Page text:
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Continuous Tin Roofing
Directions for Laying our Continuous Tin Roofing
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Caldwell & Peterson Manufacturing Company. Continuous Tin Roofing - Directions for Laying our Continuous Tin Roofing. 1890. Kenneth Franzheim II Rare Books Room, William R. Jenkins Architecture and Art Library, University of Houston Libraries. University of Houston Digital Library. Web. July 29, 2015. http://digital.lib.uh.edu/collection/aapamphlets/item/464/show/462.

Disclaimer: This is a general citation for reference purposes. Please consult the most recent edition of your style manual for the proper formatting of the type of source you are citing. If the date given in the citation does not match the date on the digital item, use the more accurate date below the digital item.

Caldwell & Peterson Manufacturing Company. (1890). Continuous Tin Roofing - Directions for Laying our Continuous Tin Roofing. Architecture Retail Pamphlet Collection. Kenneth Franzheim II Rare Books Room, William R. Jenkins Architecture and Art Library, University of Houston Libraries. Retrieved from http://digital.lib.uh.edu/collection/aapamphlets/item/464/show/462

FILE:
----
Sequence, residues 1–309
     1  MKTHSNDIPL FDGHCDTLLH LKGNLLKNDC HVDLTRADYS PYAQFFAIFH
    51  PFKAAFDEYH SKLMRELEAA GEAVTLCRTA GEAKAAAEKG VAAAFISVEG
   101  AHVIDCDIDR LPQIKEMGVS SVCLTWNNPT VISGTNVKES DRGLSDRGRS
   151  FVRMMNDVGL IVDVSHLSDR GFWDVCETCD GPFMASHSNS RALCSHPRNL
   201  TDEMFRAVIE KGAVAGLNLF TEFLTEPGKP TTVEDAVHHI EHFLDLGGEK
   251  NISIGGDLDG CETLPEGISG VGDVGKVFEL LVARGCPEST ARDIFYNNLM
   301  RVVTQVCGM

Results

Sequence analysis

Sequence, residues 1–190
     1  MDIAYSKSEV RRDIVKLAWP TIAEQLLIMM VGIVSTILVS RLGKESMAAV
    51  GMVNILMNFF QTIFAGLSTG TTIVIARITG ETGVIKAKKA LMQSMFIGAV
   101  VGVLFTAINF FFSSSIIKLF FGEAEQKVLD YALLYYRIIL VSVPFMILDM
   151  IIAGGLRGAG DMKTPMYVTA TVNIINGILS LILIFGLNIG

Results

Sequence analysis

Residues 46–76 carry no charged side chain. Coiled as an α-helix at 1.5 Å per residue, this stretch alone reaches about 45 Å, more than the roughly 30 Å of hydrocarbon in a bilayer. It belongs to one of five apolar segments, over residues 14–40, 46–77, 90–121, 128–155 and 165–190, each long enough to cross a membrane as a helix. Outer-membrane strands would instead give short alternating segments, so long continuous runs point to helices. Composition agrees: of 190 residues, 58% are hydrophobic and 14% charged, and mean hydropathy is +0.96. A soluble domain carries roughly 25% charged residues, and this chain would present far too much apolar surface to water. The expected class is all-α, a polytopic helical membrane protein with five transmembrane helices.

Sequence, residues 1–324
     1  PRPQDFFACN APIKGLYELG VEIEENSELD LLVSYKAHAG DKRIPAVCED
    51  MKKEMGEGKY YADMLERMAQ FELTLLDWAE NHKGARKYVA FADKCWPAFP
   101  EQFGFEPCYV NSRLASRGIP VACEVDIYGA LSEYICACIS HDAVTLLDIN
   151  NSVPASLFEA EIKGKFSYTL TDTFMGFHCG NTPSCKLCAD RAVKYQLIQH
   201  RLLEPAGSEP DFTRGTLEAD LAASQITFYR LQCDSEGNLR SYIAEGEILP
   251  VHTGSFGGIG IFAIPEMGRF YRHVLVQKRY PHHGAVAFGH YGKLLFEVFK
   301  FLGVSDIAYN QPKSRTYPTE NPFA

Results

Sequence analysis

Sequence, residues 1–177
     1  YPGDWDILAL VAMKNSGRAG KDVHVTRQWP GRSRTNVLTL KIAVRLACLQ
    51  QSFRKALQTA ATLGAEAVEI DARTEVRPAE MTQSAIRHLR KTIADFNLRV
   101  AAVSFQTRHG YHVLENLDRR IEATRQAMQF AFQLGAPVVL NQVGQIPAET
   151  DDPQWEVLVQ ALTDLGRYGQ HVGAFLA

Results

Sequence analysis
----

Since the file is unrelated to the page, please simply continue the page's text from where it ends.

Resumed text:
Disclaimer: This is a general citation for reference purposes. Please consult the most recent edition of your style manual for the proper formatting of the type of source you are citing. If the date given in the citation does not match the date on the digital item, use the more accurate date below the digital item.

Caldwell & Peterson Manufacturing Company, Continuous Tin Roofing - Directions for Laying our Continuous Tin Roofing, 1890, Architecture Retail Pamphlet Collection, Kenneth Franzheim II Rare Books Room, William R. Jenkins Architecture and Art Library, University of Houston Libraries, accessed July 29, 2015, http://digital.lib.uh.edu/collection/aapamphlets/item/464/show/462.

Disclaimer: This is a general citation for reference purposes. Please consult the most recent edition of your style manual for the proper formatting of the type of source you are citing. If the date given in the citation does not match the date on the digital item, use the more accurate date below the digital item.